An Iowa congressman punished for making racist comments got duped by a Twitter troll named 'MuellerDad69' who said he manages a Starbucks and discriminates against conservatives
J. Scott Applewhite/AP Photo
- Rep. Steve King, an Iowa Republican who's long voiced sympathy with white supremacist ideology, shared a post from what appeared to be an online troll on Facebook on Tuesday.
- The account, @MuellerDad69, claimed to be owned by a Starbucks manager who proudly discriminated against "social conservatives" by banning his employees from saying "Merry Christmas" to customers.
- Starbucks representative Reggie Borges told Insider that the Facebook post was a hoax and that employees are allowed to greet customers however the choose.
- "Our baristas are offered the autonomy to choose how to greet each person, which can be anything from 'the usual?' to 'Merry Christmas,'" Borges said. "No script is provided."
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Rep. Steve King, an Iowa Republican who's long voiced sympathy with white supremacist ideology, shared a post from what appeared to be an online troll pretending to be a Starbucks manager on Tuesday.
The account, @MuellerDad69, claimed to be owned by a Starbucks manager who discriminated against "conservative Christians" by banning his employees from saying "Merry Christmas" to customers. Twitter has since suspended the account and Starbucks told Insider that it had no connection to the company.
"I'm the manager of a Starbucks in Charlotte NC. I have informed my employees that that they will be fired on the spot if I hear them say 'Merry Christmas' to any customers," @MuellerDad69 wrote. "I'm doing it because I personally dislike conservative Christians."
The same account has previously claimed to discriminate to against military service members and police officers who were customers at Starbucks.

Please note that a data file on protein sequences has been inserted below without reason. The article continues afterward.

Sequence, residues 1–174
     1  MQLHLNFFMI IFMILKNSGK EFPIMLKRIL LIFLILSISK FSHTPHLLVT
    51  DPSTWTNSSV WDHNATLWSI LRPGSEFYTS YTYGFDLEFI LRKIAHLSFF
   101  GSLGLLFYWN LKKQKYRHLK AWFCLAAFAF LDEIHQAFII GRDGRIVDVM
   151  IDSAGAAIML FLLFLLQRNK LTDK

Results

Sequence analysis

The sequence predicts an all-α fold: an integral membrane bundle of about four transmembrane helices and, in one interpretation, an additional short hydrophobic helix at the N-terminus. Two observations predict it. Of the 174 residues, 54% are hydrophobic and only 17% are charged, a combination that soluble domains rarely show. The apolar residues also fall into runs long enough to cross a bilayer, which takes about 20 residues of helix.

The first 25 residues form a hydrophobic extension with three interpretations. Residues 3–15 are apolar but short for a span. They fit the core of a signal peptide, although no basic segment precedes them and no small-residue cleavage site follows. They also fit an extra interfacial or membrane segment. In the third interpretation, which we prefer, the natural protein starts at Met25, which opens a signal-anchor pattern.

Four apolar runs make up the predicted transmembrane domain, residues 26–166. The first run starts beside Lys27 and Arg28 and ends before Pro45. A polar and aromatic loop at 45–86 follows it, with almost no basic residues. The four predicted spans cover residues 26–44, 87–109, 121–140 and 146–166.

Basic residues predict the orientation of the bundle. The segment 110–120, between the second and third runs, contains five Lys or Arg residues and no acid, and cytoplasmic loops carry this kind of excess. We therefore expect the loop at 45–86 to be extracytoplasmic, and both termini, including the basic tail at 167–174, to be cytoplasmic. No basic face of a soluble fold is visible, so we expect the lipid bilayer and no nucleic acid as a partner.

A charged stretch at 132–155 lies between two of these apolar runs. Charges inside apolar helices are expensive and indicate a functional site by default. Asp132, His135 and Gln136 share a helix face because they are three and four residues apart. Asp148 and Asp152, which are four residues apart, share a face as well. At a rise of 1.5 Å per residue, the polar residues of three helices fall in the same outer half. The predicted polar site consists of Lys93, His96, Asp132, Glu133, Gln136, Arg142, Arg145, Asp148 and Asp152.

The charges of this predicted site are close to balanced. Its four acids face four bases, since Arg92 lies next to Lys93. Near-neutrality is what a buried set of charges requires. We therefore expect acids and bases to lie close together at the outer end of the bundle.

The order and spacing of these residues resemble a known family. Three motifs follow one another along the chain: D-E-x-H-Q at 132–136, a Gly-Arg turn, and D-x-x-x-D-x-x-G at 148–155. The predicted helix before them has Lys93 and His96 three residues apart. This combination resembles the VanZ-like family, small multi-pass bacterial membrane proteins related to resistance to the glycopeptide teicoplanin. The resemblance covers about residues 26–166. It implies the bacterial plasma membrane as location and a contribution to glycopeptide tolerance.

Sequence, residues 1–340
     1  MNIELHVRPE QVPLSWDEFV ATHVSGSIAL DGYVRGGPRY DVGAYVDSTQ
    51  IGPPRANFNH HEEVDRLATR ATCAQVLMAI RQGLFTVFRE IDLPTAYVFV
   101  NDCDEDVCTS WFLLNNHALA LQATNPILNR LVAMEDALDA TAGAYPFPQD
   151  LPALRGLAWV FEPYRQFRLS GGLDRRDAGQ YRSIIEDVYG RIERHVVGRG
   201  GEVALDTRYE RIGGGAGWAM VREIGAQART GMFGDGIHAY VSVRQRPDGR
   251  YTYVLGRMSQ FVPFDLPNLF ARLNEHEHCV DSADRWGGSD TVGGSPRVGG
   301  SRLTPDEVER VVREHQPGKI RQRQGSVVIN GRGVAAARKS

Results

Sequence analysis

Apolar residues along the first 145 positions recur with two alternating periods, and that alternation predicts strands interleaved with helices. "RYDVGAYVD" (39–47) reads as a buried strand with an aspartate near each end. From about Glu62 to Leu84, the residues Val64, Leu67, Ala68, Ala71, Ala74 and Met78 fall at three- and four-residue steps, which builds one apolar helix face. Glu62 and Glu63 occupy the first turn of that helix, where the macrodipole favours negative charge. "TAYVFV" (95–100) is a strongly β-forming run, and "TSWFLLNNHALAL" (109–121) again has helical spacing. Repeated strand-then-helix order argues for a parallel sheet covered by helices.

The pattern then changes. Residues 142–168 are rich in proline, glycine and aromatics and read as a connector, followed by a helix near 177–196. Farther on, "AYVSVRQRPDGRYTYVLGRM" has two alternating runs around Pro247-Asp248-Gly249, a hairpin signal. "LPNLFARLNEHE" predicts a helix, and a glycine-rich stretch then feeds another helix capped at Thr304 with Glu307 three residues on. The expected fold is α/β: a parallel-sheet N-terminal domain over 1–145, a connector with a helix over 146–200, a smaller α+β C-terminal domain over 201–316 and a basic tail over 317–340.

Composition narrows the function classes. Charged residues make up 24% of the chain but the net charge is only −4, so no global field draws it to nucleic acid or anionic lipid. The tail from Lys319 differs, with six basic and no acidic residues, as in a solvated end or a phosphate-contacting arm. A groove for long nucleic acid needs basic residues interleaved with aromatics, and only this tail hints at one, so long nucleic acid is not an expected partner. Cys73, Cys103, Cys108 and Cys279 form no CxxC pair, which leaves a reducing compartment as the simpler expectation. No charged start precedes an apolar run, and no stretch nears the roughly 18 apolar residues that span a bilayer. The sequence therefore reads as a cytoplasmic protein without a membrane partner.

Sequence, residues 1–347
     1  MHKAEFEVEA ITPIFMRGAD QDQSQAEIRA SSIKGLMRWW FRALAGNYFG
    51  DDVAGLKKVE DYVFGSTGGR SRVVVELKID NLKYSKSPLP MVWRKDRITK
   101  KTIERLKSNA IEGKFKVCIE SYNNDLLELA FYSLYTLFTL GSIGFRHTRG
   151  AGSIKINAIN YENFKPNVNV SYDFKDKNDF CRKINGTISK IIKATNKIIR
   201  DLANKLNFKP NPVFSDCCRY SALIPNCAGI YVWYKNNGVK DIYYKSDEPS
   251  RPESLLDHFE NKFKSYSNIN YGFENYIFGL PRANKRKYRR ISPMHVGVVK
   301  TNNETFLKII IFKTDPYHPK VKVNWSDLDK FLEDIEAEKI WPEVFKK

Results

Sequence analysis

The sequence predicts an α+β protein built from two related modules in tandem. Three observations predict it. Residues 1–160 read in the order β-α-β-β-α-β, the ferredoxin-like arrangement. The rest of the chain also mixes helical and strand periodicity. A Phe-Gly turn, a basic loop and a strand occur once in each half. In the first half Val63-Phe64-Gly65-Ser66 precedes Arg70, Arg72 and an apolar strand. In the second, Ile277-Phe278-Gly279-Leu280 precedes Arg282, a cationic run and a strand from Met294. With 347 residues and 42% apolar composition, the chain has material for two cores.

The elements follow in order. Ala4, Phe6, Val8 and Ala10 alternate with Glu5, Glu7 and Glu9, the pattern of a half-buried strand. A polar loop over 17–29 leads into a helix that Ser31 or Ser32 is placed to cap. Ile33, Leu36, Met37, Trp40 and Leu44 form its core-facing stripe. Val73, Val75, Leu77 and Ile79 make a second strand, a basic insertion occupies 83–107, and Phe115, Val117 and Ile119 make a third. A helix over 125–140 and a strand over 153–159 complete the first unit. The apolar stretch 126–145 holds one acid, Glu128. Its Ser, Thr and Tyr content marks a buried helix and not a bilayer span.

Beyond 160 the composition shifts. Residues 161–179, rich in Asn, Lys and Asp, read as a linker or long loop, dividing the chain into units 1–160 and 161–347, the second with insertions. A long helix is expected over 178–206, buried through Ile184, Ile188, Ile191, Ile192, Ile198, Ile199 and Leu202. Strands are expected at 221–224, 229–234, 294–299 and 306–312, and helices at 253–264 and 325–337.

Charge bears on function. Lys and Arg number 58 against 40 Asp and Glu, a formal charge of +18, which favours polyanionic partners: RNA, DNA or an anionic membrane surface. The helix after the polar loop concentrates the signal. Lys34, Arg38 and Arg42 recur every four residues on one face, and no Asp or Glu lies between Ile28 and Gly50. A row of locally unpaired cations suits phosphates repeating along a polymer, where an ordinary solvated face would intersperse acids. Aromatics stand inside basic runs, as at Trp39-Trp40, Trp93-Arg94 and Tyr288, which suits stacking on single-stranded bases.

Starbucks said the @MuellerDad69 account is fake and that the coffee company doesn't dictate how its employees welcome customers, including holiday greetings.
"Chris (@muellerdad) is not an employee of Starbucks and was impersonating a Starbucks store manager," representative Reggie Borges told Business Insider.
"Our baristas are offered the autonomy to choose how to greet each person, which can be anything from 'the usual?' to 'Merry Christmas,'" Borges continued. "No script is provided."
Starbucks is accustomed to backlash from the right, including on the subject of holiday greetings. In 2015, Starbucks minimalist red cups went viral after a video claimed that Starbucks "removed Christmas from their cups." The cups quickly became a topic of discussion for major publications, late-night talk show hosts, and Donald Trump, then a presidential candidate.
"No more 'Merry Christmas' at Starbucks," Trump said at a a pre-debate rally in Springfield, Illinois, at the time. "Maybe we should boycott Starbucks. I don't know. Seriously. I don't care."
The chain is also a repeat victim of Twitter trolling. In 2017, Starbucks shot down viral rumors that it was giving away free coffee to undocumented immigrants. In 2018, fake Starbucks coupons for customers of "African-American heritage" began circulating on social media.
King, who was stripped of his committee seats by his own party in January after making a series of racist comments, often taunts his political opponents online and traffics in conspiracy theories. Even some of King's most conservative Republican colleagues have publicly called on him to resign.
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